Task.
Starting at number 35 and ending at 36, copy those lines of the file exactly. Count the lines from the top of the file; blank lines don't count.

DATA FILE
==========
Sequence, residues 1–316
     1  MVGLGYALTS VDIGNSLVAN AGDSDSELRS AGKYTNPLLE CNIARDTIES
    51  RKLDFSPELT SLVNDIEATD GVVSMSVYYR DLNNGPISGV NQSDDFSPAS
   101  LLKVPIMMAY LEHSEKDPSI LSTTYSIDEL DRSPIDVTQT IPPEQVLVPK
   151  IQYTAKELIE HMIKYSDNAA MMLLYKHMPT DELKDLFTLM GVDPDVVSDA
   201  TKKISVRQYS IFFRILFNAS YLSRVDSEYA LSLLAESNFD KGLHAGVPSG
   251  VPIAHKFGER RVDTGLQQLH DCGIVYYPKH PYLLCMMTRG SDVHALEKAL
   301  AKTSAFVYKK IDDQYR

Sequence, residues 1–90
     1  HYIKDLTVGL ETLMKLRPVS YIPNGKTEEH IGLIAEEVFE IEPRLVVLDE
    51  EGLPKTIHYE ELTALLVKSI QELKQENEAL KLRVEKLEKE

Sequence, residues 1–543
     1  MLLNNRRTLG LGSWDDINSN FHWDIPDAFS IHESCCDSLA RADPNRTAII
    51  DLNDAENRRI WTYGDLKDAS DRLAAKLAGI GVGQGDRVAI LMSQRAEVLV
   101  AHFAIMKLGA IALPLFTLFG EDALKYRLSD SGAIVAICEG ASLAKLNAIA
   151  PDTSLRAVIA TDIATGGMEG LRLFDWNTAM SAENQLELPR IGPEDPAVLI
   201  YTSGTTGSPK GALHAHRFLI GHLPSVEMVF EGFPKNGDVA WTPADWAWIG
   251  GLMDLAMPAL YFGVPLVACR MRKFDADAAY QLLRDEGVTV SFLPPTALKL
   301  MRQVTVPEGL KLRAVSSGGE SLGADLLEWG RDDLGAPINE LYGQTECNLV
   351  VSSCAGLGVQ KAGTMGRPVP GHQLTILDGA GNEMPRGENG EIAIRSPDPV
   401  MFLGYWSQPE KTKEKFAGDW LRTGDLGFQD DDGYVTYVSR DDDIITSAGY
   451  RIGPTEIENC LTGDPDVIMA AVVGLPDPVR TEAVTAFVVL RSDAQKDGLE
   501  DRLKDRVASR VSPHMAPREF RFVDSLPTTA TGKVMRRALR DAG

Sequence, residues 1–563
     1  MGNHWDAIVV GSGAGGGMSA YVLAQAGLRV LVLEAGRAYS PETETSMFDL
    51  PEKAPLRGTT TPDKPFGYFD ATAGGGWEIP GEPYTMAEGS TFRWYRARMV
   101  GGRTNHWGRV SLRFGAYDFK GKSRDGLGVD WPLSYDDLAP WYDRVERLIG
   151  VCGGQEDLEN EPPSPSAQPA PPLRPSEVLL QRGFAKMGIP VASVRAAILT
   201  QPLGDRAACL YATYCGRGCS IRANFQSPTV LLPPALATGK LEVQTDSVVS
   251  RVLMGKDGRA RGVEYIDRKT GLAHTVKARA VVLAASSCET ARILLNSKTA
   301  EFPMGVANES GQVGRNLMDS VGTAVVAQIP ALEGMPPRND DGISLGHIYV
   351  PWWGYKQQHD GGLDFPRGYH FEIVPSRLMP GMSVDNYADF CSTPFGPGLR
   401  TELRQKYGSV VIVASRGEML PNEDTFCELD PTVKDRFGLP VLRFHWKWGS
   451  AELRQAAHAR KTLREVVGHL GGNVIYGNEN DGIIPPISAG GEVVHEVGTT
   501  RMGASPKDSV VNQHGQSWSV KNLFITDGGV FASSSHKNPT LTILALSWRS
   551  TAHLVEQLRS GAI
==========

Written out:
   501  RMGASPKDSV VNQHGQSWSV KNLFITDGGV FASSSHKNPT LTILALSWRS
   551  TAHLVEQLRS GAI